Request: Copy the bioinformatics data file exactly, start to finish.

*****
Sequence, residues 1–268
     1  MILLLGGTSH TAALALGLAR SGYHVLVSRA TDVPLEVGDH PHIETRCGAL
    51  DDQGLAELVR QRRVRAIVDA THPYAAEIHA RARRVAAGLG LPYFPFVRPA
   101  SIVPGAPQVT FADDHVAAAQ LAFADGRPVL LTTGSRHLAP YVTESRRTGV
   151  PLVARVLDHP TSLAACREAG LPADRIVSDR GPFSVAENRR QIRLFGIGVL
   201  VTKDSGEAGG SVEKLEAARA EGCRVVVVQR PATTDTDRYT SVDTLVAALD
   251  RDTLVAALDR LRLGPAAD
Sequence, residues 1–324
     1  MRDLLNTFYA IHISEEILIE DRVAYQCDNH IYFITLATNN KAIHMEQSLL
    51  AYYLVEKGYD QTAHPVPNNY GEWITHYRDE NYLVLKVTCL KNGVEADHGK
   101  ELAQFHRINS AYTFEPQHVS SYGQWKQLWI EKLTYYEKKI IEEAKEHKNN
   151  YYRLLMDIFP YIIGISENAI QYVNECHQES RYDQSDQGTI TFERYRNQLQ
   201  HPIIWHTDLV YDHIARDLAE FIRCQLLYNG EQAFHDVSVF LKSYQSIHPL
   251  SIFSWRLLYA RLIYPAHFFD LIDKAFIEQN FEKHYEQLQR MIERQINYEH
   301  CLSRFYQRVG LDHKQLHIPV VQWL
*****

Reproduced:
Sequence, residues 1–268
     1  MILLLGGTSH TAALALGLAR SGYHVLVSRA TDVPLEVGDH PHIETRCGAL
    51  DDQGLAELVR QRRVRAIVDA THPYAAEIHA RARRVAAGLG LPYFPFVRPA
   101  SIVPGAPQVT FADDHVAAAQ LAFADGRPVL LTTGSRHLAP YVTESRRTGV
   151  PLVARVLDHP TSLAACREAG LPADRIVSDR GPFSVAENRR QIRLFGIGVL
   201  VTKDSGEAGG SVEKLEAARA EGCRVVVVQR PATTDTDRYT SVDTLVAALD
   251  RDTLVAALDR LRLGPAAD
Sequence, residues 1–324
     1  MRDLLNTFYA IHISEEILIE DRVAYQCDNH IYFITLATNN KAIHMEQSLL
    51  AYYLVEKGYD QTAHPVPNNY GEWITHYRDE NYLVLKVTCL KNGVEADHGK
   101  ELAQFHRINS AYTFEPQHVS SYGQWKQLWI EKLTYYEKKI IEEAKEHKNN
   151  YYRLLMDIFP YIIGISENAI QYVNECHQES RYDQSDQGTI TFERYRNQLQ
   201  HPIIWHTDLV YDHIARDLAE FIRCQLLYNG EQAFHDVSVF LKSYQSIHPL
   251  SIFSWRLLYA RLIYPAHFFD LIDKAFIEQN FEKHYEQLQR MIERQINYEH
   301  CLSRFYQRVG LDHKQLHIPV VQWL